Olivia's colored picture of the black-capped chickadee.
Each page has information about the bird and flower
including the Latin names for each one.

- Did a crossword puzzle about Maine which included a reference to the black-capped chickadee.

Sophia's completed crossword puzzle.
This is from the "Cantering the Country" curriculum.

- The girls colored pages in their book United States Coloring Book by Rod and Staff Publishers. Each two-page spread shows the state they are studying about as well as some highlights and facts about the state. The state bird is included with each illustration.

The black-capped chickadee got a colorful makeover by Olivia.
Earlier this month, we traveled to see
the lighthouse that is pictured above.

- Completed a word find about birds. This is from Considering God's Creation which came with the "Cantering the Country" curriculum bundle. (I purchased reference and activity books that were included with the curriculum at the homeschool conference this past spring.)

Olivia's completed word find.
She enjoyed finding the words
and learning some new things about birds in the process.

- Doing the "Animal Detective" sheet about black-capped chickadees. This sheet also is from the Considering God's Creation book.

One of the interesting things we learned and discussed
while doing this sheet
was how air sacs and lungs work together in the breathing process.

- This nature study also reminded me that I have a variety of small cross-stitch pieces that need to be incorporated into a final product.

Black Capped Chickadee Cross Stitch
Black-capped chickadee in cross-stitch that I did.
It's tiny - only about 2" in both directions.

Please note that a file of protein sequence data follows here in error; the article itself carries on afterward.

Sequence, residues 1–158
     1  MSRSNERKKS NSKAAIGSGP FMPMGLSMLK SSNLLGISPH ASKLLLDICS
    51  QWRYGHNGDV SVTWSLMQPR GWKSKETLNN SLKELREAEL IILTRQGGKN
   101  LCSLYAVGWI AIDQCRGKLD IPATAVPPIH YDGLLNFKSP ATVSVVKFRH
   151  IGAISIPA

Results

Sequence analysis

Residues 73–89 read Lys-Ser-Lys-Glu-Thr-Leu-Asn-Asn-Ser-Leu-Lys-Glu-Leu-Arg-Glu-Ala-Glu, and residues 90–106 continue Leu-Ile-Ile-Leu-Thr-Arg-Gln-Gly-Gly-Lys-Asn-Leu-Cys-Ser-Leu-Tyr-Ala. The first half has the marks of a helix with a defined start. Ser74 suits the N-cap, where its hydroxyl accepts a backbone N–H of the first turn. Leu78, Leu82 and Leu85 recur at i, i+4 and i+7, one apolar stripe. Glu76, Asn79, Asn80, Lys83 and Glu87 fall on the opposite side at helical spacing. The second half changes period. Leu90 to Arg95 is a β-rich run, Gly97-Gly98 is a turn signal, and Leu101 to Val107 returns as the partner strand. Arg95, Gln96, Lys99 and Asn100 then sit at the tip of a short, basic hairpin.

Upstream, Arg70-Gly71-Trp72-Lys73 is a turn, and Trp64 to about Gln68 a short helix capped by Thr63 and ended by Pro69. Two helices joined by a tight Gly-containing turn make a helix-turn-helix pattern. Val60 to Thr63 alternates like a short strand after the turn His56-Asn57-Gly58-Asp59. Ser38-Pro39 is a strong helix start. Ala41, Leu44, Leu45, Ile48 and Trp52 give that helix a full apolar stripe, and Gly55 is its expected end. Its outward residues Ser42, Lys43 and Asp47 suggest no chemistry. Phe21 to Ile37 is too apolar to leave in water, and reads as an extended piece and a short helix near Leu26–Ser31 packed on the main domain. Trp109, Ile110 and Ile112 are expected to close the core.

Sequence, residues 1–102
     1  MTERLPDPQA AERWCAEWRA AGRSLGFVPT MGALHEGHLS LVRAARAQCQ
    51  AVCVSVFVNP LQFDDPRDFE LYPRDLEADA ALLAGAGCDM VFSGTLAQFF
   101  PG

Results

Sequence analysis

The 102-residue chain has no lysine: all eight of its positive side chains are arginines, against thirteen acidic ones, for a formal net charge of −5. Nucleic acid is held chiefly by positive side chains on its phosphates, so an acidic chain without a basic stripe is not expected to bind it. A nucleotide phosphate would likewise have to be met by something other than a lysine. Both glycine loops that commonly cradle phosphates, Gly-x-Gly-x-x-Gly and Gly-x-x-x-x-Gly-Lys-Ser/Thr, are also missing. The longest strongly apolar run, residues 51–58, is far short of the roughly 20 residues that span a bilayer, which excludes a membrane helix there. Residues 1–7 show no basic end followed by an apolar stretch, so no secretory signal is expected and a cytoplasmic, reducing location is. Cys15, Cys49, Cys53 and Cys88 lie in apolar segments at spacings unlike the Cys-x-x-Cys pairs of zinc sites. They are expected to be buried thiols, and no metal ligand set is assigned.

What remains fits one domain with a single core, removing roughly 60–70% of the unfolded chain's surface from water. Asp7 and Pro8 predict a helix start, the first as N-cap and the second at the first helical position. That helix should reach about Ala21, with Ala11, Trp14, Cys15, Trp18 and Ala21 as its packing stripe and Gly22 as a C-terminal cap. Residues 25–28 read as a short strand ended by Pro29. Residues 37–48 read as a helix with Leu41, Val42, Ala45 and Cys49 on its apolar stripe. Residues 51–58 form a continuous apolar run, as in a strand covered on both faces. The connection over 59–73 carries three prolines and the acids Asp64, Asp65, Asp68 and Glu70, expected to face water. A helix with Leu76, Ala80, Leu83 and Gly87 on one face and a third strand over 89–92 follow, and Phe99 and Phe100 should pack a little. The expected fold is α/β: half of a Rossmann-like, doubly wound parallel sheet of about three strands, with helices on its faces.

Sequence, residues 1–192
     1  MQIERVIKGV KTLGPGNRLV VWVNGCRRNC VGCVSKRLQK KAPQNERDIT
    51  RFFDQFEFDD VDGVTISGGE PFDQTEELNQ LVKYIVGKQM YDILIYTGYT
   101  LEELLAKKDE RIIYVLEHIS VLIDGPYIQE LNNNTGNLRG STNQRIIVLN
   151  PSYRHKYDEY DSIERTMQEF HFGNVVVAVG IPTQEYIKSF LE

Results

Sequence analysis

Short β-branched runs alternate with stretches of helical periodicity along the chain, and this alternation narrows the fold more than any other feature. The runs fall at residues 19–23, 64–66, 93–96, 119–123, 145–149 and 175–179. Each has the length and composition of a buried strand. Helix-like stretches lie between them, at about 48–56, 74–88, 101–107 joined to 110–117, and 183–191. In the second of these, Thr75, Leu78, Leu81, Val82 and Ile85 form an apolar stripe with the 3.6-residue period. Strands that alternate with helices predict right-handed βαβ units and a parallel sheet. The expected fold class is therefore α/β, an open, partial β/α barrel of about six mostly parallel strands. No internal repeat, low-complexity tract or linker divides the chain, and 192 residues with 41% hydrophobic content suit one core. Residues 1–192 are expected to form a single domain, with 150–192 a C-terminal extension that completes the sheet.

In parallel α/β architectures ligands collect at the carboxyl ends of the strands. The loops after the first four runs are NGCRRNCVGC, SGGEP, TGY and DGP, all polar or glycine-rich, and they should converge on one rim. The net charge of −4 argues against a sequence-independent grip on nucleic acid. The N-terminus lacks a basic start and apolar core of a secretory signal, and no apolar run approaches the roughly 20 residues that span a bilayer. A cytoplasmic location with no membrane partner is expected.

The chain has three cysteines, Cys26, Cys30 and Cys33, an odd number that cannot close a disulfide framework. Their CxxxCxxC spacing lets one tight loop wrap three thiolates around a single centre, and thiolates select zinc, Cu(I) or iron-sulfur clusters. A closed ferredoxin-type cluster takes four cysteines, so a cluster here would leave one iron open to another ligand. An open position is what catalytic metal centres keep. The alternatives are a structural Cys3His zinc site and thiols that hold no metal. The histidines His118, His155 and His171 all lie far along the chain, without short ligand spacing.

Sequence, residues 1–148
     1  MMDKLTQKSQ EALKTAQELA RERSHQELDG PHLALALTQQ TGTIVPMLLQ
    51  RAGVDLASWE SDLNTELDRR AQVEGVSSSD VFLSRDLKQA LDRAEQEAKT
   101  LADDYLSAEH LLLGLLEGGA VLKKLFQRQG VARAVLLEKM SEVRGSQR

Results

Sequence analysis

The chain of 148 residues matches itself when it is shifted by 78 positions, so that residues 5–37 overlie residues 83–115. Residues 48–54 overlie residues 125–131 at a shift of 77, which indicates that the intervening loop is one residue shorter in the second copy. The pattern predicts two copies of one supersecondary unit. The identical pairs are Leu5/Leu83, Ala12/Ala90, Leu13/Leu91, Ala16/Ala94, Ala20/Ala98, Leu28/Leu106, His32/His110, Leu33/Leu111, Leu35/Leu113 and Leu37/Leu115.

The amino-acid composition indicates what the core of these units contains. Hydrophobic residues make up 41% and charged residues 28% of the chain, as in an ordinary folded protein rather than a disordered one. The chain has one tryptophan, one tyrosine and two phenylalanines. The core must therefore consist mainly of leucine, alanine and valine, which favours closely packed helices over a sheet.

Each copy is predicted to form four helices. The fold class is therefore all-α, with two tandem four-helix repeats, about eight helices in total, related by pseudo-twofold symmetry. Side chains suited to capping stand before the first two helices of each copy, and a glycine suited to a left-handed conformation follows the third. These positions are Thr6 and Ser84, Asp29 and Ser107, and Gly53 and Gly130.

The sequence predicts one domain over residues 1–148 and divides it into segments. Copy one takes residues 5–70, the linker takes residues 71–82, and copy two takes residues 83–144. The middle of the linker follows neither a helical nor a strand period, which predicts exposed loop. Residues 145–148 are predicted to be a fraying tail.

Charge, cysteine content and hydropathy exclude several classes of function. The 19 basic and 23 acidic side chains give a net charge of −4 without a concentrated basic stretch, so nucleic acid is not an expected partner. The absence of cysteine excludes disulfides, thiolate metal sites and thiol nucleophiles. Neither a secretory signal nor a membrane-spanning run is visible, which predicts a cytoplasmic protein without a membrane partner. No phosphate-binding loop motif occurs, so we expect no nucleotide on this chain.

The next bird that we study is the purple finch - the state bird of New Hampshire.

As for Maine, we plan to learn about the white pine tree. The nice thing is - there are white pine trees in the of which is Olivia's favorite tree that she's been studying since the spring.


marymakesmusic said...

I am struck by what beautiful work your children have done! I think you can draw birds pretty well, too, by the way!

We have tons of Black Capped Chickadees at our feeders now. They are so pretty!

Barb-Harmony Art Mom said...

No chickadees in our yard. :(

I loved seeing your new focus with the state birds as part of your nature study...wonderful way to enrich your study. Lovely journals done by all, including your bird.

Thanks so much for sharing your link with the OHC.

Ellen said...

This is wonderful! My boys and I are studying birds and are very excited about spotting ones at our new feeder. We still need to put up another bird feeder so that more birds will visit during the winter. We've seen plenty of chickadees and love listening to them. Surprised, really, by the sounds they make.

Zonnah said...

I love how you added the pennies to the journal for their weight; such a great idea.

Jamie said...

Hi there,
Just wanted to let you know (I don't have everyone's email) that your submission to the Carnival of Homeschooling is live at If you could check to make sure your links are working, and then refer back to the carnival post from your blog - that would be great! Thanks...